The audible vibration that we love so much, purring, is a bit of a mystery still, but most research shows that it is a result of the larynx (voice box) and diaphragm (main muscle used for breathing) working together via signals from a cat's brain. It is thought to originate as a soothing sound from the queen (mother) cat to her kittens. However, cats will continue to purr in life when they are feeling affectionate or loved. Some will purr to sooth themselves when asleep, injured, sick, or even nervous. Just like each cat is an individual, each cat has its own characteristic purr.
We do know that purring is an intentional thing which cats, even wild ones, do on purrrrpose. So when your sweet furry friend rubs against your leg or hand, or jumps in your lap, you should be flattered and charmed--and reciprocate with their favorite forms of affection that you know they love.
Cats have about 12 whiskers, or vibrissae, on each side of their face. They are thicker than normal hairs and contain a blood and nerve supply. They are very important! Cat use their whiskers to tell their position in space and what is going on around them. They sense air currents and provide information on the cat's body to help it land the perfect jump or balance on a narrow ledge. Cats even can change position of their whiskers, along with their ears, eyes, and mouth, to signify different moods.
Cats have a reputation for hating water, however many of you may know a cat with a fascination for water. Those likely don't like it due to their fur, which is not made for being soaked and be very heavy when it is. Many cats love running water and in the wild have no hesitation to fish for food. Some domestic breeds, such as the popular Maine Coon, truly love water!
Nepeta cataria is an herb similar to spearmint. It contains an oil which acts on a cat's olfactory senses and produces a pleasurable effect. It is not harmful, but cats can vary in their responses to it. Some cats become overly affectionate and playful while others may get a bit aggressive.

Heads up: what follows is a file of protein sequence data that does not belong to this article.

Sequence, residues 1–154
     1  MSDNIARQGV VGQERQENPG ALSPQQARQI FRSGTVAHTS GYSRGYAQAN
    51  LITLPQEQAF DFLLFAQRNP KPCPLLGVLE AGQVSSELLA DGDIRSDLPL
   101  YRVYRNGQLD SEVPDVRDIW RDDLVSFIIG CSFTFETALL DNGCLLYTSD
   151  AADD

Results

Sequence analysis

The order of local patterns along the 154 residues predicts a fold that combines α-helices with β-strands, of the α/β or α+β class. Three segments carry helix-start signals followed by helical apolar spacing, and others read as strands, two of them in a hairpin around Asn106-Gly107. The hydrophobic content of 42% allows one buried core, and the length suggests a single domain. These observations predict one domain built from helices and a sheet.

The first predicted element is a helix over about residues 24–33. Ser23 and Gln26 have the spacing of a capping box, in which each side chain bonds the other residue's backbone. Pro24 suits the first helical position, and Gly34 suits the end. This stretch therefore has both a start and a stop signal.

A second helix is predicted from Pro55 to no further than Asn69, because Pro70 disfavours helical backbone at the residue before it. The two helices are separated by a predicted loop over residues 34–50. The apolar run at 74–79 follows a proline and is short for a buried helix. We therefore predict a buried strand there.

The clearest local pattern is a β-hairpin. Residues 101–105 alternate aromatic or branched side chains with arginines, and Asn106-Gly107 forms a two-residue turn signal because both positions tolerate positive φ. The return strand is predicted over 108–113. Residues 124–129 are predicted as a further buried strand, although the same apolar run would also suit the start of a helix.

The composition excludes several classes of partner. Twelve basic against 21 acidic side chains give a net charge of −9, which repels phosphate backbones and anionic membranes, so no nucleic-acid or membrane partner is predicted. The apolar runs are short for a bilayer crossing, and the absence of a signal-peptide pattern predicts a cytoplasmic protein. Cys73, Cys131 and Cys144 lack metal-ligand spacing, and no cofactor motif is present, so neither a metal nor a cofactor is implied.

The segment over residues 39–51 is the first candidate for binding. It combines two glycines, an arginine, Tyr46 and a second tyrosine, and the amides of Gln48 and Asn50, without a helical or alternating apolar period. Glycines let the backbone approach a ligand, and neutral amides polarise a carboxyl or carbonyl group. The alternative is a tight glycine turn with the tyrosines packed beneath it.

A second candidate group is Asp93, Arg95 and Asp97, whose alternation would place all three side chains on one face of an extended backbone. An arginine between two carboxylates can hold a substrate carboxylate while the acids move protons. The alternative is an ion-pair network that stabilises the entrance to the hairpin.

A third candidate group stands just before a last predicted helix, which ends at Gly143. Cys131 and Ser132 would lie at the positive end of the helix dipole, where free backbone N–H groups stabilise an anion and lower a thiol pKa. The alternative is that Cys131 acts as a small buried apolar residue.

Surprisingly, the attraction for catnip is a genetic trait, and about 50% of cats will have no interest or effect from catnip. Most cats do not have any response until they are 3-6 months old, so if your kitten has better things to do when you present him with this treat, try again in a few months. It can be used as a reward such as at scratching posts to encourage appropriate behaviors!
Many people know a group of related kittens is called a litter. Other groups of cats are often referred to, interestingly, as a "clowder". This originates from a Middle English term, "clotter', which means "to huddle together". Not to be confused with "clutter"....which may be a direct result of a clowder.
Eating grass is often a way for cats to relieve stomach or intestinal upset. It can be a sign of underlying disease (GI disease, parasites, infections), so a cat that is eating a lot of grass should definitely be seen by a veterinarian. Another theory is that cats crave nutrients in leafy plants, however if your cat is on a balanced cat food diet, this should not be the case.
Finally, just as is often the case with our whiskered friends, they may eat grass...just because they like it.
Kneading (or what we often affectionately call "making muffins"), is an instinctual behavior from kittenhood. Kittens knead their mother's mammary glands to stimulate milk production. They may continue to do this as an adult to settle down, show affection, or prepare an area to rest on comfortably. Often they are simply kneading out of content and because it feels good.
There is a direct correlation between cat lifespan and level of veterinary care that they receive. On average, it is reported that cats live around 15 years. However, we frequently track this for our interest and at Cat Care Clinic, where our clients are diligent about regular veterinary visits (including preventative care and early treatment and management of chronic conditions). Our patients often live comfortably up to 20+ years. Our eldest cat lived to be 28 years old. Of course, genetics, living conditions (indoor vs outdoor) and obesity can all factor into a cat’s lifespan. Quality of life often outweighs quantity of life, and we strive for the best of both!